Skip to main content

Entitlement: the most destructive force in the universe

Well, it's been a day.

I'm not about to go into grindingly tedious hand-wringing about the reasons behind Brexit. Nor am I going to bewail its finally being set in motion. Doesn't seem a lot of point, anyhow I'm a bit too busy battening down the hatches for the shitstorm which will ineivitably ensue. Now is not the time for gnashing of teeth. Particularly because your dentist bills will go up once that nice Polish nurse is told to do one.

But I will reflect, grimly, on one of the aspects of the national character which has led us to this point; and it was illustrated rather beautifully today, for shortly after Theresa May breezily told a house full of braying white blokes that trade negotiations would happen in parallel with the exit talks, over on the continent Angela Merkel was smiling thinly and saying nein. And I thought yep, that about sums it up.

You see, just because you say something's going to happen, doesn't necessarily mean that it's going to. This is a lesson which the British, more specifically the English, and to be more specific The Conservative and Unionist Party of Great Britain and Northern Ireland (though, to be more accurate: England, bar the odd rogue outlier) have always struggled to learn. Particularly as we spent the last thousand years jolly well telling Johnny Foreigner what was what, whilst rarely stopping to consider that they may want some say in the matter.

This sense of entitlement has led May to believe that Europe will simply roll over and do her bidding (or rather, as she's not that thick, she's allowed the more knuckleheaded elements of the English press to believe that this is the case). It's the same sense of entitlement which led us to have the referendum in the first place, as Cambo thought it'd be totes fine because he was backing remain so chillax guys, I've got this. It's this obstinate belief, in the face of all prevailing evidence, that we somehow matter, are still relevant, which is a glaring flaw in the national character. This incapacity for self-reflection has inevitably led to a politcial class which values gesture over nuance. It is the root of our blind tub-thumping at every football championship (and part of the reason why the new manager thoughtfully pointing out that we're not actually that good has made him the spittle-flecked target of every phone-in warrior's ire). You could call it arrogance, but I don't think it's as active as that. Arrogance implies some self-knowledge, some preening belief that we are above the norm. This is entitlement. The simple fact that the world should be ordered this way, and if anyone else thinks otherwise, they're wrong.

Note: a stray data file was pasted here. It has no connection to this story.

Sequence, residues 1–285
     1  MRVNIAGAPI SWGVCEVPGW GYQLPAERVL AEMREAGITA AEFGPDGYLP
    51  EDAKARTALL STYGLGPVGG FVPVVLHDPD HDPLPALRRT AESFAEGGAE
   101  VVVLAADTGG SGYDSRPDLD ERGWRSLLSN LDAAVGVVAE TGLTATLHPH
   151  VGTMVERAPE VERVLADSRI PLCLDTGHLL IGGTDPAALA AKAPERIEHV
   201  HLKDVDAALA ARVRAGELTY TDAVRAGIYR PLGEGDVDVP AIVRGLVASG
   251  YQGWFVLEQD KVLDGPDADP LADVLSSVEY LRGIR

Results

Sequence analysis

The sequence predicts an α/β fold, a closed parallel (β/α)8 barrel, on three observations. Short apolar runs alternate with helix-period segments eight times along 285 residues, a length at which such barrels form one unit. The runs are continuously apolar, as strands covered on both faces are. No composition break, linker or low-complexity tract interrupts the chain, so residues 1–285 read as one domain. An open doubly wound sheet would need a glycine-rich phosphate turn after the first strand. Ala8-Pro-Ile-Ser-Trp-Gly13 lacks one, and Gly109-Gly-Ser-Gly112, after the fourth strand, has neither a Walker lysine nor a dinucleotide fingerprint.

And so we've arrived at this point, on a road paved with soundbites and shrugs. Of David Davis admitting he's not looked into the economic consequences. Of Boris Johnson's airy "it'll be fine". We've got here because well, we're British, and therefore the world will arrange itself to suit our best interests. Why on Earth wouldn't it?